If the power plants are using proper alternators, the power factor can be adjusted by controlling the excitation.

If the power plants use induction generators, then there is little that can be done other than adding power factor correction.

 

The other issue to be aware of, is the distortion power factor. If you have a number of drives, and I would be very surprised if you do not, then you can have a high harmonic current and this will increase the KVA and that can not be easily reduced.

 

There are active correction units that you can use to reduce the harmonics and VARs. These are like an inverter that feed back into the supply, but are expensive.

Good luck

Link to comment
Share on other sites

Hello Matt303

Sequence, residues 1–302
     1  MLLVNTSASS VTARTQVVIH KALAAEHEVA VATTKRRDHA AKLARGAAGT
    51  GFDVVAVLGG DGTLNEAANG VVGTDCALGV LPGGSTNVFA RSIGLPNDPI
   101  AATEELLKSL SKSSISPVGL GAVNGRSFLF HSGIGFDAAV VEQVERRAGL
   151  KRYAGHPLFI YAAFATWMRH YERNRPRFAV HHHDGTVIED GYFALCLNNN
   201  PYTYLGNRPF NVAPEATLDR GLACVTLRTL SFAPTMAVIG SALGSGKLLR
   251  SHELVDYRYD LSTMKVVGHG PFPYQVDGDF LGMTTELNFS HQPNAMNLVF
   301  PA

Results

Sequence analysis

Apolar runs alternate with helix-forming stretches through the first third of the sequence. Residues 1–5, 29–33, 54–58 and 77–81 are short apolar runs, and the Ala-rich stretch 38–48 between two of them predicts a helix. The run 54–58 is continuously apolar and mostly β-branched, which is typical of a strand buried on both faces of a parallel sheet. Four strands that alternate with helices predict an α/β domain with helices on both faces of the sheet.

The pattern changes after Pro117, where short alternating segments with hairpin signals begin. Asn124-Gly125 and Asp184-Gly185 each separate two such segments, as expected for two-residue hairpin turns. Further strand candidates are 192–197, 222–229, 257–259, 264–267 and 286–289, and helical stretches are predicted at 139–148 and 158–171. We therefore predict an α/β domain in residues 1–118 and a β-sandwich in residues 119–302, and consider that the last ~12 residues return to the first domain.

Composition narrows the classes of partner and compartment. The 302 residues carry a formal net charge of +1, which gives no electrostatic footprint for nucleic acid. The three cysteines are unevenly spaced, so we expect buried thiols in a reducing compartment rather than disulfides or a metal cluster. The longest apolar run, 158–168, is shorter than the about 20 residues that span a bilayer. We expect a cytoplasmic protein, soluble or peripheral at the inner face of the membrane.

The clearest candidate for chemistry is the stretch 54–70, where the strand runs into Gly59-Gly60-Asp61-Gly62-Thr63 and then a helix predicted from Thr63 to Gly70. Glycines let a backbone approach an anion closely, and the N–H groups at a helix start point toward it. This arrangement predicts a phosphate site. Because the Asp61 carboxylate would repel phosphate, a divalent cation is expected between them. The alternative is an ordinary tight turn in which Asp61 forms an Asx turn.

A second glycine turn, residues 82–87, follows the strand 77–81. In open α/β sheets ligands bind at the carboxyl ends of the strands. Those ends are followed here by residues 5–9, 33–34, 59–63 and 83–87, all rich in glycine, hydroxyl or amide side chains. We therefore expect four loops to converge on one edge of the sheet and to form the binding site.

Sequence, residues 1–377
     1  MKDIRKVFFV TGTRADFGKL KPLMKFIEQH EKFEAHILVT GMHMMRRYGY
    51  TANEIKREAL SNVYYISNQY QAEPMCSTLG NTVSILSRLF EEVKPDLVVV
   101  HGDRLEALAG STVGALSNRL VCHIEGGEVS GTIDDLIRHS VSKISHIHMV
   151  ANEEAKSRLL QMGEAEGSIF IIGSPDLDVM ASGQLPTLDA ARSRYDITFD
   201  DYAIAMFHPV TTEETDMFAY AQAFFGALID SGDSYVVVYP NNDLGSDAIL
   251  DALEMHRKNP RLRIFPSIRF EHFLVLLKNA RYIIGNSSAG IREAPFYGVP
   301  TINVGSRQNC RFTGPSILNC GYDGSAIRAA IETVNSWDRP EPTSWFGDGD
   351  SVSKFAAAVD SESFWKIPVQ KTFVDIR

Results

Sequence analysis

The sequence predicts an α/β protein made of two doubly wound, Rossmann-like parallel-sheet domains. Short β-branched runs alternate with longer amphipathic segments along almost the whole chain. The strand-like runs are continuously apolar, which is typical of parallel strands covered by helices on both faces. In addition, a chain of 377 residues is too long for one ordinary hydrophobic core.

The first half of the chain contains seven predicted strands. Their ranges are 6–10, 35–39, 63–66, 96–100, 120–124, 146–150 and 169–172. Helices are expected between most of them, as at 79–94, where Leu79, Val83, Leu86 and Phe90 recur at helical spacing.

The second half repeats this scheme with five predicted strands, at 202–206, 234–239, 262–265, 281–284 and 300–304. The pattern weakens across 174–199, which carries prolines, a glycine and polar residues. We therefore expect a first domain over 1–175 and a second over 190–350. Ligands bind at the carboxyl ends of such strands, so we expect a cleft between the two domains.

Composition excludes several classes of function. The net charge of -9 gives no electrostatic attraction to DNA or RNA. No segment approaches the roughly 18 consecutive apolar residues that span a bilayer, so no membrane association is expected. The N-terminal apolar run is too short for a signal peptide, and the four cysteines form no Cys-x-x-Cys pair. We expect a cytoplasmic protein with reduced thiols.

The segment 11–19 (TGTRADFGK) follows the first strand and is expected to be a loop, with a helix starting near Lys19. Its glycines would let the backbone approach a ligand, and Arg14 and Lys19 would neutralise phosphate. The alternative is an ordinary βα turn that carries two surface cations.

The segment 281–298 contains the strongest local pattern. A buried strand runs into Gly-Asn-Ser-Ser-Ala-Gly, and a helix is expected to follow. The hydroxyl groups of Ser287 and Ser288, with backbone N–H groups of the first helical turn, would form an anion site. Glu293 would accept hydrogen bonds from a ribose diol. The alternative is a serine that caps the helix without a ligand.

I am not sure that I understand the concept of using regen drives to reduce the VARs. This would assume that you have motors that are regenerating?? not common in your type of environment.

 

If the power plants are using proper alternators, the power factor can be adjusted by controlling the excitation.

If the power plants use induction generators, then there is little that can be done other than adding power factor correction.

 

The other issue to be aware of, is the distortion power factor. If you have a number of drives, and I would be very surprised if you do not, then you can have a high harmonic current and this will increase the KVA and that can not be easily reduced.

 

There are active correction units that you can use to reduce the harmonics and VARs. These are like an inverter that feed back into the supply, but are expensive.

Good luck

Marke,

 

Thanks for your comment.